For most of us, tax time is like the holidays. It’s a magical time of year when a jolly IRS employee in an ironed dress shirt and pressed slacks issues all of us taxpayers on the “nice” list a big fat check, courtesy of the federal government. For most of us, it’s a small windfall. But have you ever stopped to ask yourself why you get that money, or what it means?
New fines and taxes are being implemented throughout the country on a state-by-state basis. Not only is the beginning of this fiscal year bringing us some new costs to be aware of, but there are some interesting taxes currently racking up how much you owe that you may not be aware of. Read on to find out!
Shopping online has changed the world of retail altogether; instead of having to look in-store for food, clothing and other goods, we can now make instant buys with few clicks. The taxing regulations for digital items is expanding, so read on to find out what changes may take place in your state!
Monday, April 15, is the deadline to file your taxes. While there are plenty of tools available to help you file your taxes, the truth is that many people put it off until the last second.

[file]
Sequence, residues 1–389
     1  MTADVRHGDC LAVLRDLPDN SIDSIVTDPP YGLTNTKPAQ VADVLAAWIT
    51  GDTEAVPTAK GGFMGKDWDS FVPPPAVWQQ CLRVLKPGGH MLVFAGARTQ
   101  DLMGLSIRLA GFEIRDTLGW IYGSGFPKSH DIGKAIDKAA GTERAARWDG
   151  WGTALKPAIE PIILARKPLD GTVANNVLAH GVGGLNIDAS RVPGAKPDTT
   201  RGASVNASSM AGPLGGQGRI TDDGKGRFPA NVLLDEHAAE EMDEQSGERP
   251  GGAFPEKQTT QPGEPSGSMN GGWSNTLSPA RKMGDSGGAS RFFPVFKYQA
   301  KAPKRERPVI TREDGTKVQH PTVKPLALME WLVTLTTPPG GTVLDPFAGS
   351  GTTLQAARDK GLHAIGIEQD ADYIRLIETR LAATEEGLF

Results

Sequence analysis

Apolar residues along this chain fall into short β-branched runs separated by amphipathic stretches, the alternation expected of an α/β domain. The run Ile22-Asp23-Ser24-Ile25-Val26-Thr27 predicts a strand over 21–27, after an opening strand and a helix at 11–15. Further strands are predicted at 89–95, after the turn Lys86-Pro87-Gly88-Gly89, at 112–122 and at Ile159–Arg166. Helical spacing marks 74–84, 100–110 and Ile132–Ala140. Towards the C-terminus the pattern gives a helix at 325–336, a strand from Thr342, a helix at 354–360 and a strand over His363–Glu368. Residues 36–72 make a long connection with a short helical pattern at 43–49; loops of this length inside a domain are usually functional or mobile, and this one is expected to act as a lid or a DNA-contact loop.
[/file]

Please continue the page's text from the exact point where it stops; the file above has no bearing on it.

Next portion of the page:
Here’s some friendly advice for people who know they’re going to owe money to the IRS on April 15.
I’m going to give you a list of topics and you have to tell me what they have in common. Ready? Here are the topics: mortgage insurance, medical travel expenses, and license plates. Any ideas?
There’s a wide range of tax preparation options out there ranging from free apps and online programs to more costly software and services.
What would you do if you received a $1,000 in tax refunds? Would you use it for something fun like taking a vacation or put it toward your retirement?
Households making $40,000-$50,000 annually will face an average tax increase of $579, while those making $50,000-$75,000 will experience an average tax increase of $822.
When I bought my first home in 1998 for $92,000, I was told by the real estate agent, the home owner and the mortgage company that my annual property taxes on my home would be $700. That was what the lady who sold me the house was paying. Made sense to me. Didn’t work out that way.